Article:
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  • Activists reject more fields of pineapple in southern Costa Rica.

    Activists reject more fields of pineapple in southern Costa Rica. | Photo: Reuters

Published 15 May 2017
Opinion

Organizations are protesting against environmental and archaeological damage to the land due to intense pineapple production in San Jose.

Dozens of activists and affected community members in Costa Rica took to the streets Monday in the capital city of San Jose to protest against a planned pineapple plantation expansion of almost 3,000 hectares that opponents argue will have a detrimental impact on the fragile wetland ecosystems in the area and damage the rich archaeological history of the area.

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The protest set out from the National Museum and San Juan, making its way to the Ministry of Environment to file a complaint to reject the expansion project in Sierpe, located in the southern area of Osa, and demand authorities cancel the permit given to the Finca Palmar Sur Project of the multinational fruit production company Del Monte-Pindeco.

The group of demonstrators consisted of local campesinos, tour operators, Indigenous people, ecologists, university students, women's groups, students, cooperatives, representatives of Caribbean communities and other concerned individuals, organized in the National Front of Sectors Affected by Pineapple Expansion.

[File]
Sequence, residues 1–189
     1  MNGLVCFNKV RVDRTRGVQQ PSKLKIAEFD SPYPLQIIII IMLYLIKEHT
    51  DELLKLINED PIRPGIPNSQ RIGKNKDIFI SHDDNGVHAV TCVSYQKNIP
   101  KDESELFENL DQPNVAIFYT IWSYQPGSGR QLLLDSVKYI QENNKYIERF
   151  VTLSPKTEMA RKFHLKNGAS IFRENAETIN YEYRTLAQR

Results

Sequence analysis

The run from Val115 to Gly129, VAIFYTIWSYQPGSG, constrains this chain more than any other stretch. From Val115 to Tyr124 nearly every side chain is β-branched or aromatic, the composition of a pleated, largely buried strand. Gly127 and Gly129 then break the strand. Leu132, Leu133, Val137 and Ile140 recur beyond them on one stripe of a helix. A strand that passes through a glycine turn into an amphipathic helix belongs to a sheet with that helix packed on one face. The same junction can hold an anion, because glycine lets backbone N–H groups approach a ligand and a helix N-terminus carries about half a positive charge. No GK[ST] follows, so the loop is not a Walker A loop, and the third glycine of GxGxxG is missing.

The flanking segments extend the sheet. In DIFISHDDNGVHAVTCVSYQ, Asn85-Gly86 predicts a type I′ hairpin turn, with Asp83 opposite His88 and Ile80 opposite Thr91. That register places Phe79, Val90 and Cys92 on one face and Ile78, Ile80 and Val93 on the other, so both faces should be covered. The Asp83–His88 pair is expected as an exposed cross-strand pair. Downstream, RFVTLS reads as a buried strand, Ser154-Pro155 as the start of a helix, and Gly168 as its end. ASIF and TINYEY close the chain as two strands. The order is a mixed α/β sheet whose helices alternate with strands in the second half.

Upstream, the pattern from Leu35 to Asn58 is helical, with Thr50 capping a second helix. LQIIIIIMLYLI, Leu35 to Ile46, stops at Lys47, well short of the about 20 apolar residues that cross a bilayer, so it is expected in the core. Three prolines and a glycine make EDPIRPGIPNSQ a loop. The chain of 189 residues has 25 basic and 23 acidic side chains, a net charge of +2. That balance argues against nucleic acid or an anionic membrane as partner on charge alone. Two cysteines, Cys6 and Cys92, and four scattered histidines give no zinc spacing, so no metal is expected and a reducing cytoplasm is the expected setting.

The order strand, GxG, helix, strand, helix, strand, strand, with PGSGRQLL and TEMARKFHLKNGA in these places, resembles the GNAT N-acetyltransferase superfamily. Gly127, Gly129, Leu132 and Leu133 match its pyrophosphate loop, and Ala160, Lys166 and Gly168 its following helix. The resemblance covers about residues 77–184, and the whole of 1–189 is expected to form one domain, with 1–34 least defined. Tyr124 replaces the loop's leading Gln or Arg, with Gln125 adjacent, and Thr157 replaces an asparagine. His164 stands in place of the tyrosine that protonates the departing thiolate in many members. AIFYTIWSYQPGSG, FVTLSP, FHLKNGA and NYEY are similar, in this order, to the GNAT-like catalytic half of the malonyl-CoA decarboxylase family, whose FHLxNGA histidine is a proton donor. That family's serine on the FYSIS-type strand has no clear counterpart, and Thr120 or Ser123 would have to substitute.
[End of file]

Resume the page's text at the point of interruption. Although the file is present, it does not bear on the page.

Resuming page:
Demonstrators reject pineapple monoculture expansion. | Source: Facebook / Stella Chinchilla
 

The representative of the Federation of Conservationists of Costa Rica, Mauricio Alvarez, said the permit was given without taking into account that the area in question is home to nine archaeological sites, including one declared a World Heritage Site by Unesco.

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Alvarez said there were many doubts about the management of permit, which were given within a period of only 20 days, without taking into account the environmental impacts for local communities and natural resources.

Protesters say the monoculture, located less than 3 miles from the Terraba-Sierpe wetland, would put at risk the health of the population due to high levels of toxic agrochemicals that would be used in the fruit's production.

Since Costa Rica joined the Central American Free-Trade Agreement with the U.S. in 2004, pineapple production has skyrocketed, with the small country accounting for almost 60 percent of world production.

Demonstrators announced that they will submit a request to Unesco to assess the impact of this project.

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